It didn’t do so to clarify the law. The Colorado Court of Appeals decision in this case was not published. In fact, both the Colorado attorney general and Colorado public defender keep collections of unpublished opinions, so the case still sent a message to the lawyers who handle the vast majority of criminal appeals in the state. But, this unpublished opinion would be poor precedent in any future case and likely wouldn’t be considered by a trial judge in a pending case.
In all likelihood, the Colorado Supreme Court took this case to send a message to trial judges in sexual assault cases. This message upholds the spirit of the rape shield law, which is that rape cases should focus on the incident in question, not on the lifetime sexual experiences of the victim, even where it isn’t clear that the rape shield law bars the evidence by its own terms, an issue the Colorado Supreme Court left for another day in this case.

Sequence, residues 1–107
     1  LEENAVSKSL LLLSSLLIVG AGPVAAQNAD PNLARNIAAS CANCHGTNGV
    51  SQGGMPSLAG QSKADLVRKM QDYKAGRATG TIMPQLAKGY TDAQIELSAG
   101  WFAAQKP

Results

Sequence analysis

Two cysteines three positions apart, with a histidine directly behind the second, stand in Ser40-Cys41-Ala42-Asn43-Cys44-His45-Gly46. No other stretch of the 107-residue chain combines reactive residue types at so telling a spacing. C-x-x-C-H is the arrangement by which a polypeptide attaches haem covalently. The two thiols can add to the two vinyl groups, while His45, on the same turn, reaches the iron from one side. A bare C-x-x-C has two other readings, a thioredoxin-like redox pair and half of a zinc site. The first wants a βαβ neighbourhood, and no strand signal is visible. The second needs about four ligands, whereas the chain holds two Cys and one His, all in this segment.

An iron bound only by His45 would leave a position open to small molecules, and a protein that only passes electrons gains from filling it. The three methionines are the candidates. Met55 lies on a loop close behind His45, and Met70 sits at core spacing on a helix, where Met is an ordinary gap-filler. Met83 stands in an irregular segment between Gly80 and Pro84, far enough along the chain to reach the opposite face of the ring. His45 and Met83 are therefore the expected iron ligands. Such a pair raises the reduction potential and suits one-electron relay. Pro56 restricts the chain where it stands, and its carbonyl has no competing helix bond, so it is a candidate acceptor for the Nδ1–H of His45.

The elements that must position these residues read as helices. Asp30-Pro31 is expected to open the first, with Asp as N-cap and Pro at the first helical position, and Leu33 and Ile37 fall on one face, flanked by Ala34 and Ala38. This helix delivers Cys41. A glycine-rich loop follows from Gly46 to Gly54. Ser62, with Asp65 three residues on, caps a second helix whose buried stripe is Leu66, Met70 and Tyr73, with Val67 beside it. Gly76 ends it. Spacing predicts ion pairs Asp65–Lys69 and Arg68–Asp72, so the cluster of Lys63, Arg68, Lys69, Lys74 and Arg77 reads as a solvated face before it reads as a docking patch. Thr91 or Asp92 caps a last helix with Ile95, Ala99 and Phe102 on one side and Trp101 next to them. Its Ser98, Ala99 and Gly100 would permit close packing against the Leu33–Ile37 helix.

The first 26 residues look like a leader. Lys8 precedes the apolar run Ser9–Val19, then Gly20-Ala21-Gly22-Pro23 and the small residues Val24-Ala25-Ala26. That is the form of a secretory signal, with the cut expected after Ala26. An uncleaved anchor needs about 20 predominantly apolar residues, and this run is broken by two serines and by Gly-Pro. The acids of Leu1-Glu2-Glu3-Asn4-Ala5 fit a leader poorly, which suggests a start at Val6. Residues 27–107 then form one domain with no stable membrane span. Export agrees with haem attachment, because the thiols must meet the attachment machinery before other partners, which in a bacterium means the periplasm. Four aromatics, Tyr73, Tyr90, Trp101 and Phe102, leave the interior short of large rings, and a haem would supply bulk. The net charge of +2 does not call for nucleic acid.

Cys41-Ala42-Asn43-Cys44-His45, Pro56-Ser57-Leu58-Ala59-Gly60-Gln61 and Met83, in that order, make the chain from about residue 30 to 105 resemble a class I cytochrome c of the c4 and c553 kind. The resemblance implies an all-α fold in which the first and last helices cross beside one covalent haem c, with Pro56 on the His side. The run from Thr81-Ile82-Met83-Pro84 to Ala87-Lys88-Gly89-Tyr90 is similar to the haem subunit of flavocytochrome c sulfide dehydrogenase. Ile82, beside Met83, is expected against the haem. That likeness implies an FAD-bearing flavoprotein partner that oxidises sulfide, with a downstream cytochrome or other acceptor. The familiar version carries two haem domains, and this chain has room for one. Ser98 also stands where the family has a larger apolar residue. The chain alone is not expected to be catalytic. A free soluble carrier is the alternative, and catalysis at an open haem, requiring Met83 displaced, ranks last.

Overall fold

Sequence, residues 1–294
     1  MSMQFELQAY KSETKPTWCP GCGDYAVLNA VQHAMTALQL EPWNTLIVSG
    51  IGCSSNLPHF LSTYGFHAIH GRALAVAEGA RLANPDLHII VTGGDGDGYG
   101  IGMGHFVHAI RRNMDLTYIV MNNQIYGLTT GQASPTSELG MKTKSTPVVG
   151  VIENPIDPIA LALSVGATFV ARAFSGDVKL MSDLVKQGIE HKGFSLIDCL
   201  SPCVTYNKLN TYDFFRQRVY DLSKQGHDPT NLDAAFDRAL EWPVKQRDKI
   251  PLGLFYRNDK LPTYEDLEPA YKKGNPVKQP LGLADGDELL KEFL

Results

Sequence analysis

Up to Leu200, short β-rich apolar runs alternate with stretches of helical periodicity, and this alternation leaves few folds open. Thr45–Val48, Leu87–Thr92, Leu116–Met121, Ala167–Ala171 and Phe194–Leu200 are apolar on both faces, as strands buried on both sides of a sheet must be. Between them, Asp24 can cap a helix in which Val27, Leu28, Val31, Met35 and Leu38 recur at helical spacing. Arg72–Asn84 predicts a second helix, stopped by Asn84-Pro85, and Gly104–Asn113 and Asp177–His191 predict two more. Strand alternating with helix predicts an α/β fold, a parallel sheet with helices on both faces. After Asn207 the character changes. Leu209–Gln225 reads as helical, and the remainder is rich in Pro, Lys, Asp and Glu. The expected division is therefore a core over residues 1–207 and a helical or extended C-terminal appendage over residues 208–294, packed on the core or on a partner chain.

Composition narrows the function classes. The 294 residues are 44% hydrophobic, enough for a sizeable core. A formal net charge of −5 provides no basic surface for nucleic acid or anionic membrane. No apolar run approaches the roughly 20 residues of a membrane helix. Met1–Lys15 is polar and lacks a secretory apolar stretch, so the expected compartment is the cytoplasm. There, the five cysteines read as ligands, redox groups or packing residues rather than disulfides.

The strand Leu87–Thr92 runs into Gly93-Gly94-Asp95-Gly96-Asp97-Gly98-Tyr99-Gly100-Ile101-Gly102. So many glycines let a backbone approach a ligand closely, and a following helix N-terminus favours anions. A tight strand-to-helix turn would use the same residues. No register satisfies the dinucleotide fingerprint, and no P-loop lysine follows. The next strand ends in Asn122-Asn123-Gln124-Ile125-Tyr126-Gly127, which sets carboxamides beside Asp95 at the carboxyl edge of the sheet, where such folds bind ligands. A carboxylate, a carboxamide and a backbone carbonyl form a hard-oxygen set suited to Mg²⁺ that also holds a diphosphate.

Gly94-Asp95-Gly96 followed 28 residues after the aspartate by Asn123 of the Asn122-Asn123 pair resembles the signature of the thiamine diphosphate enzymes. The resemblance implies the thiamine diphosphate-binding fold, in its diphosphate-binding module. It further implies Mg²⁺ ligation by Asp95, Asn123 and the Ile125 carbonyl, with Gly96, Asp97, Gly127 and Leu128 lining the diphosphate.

While in this case, the prosecution wanted to use the virginity to prove that a vaginal tear was sexual assault related, the Colorado Supreme Court was likely concerned that in other cases, defendants might be able to thwart the Colorado rape shield law’s intent by arguing that prior sexual activity could have been the cause of a vaginal tear offered as physical evidence in a sexual assault case.
The modern legal system has repeatedly looked for ways to keep raunchy sexual history evidence out of court, something that was also a factor in Colorado’s adoption of “no fault” divorce that makes evidence of adultery inadmissable and irrelevant in divorce court.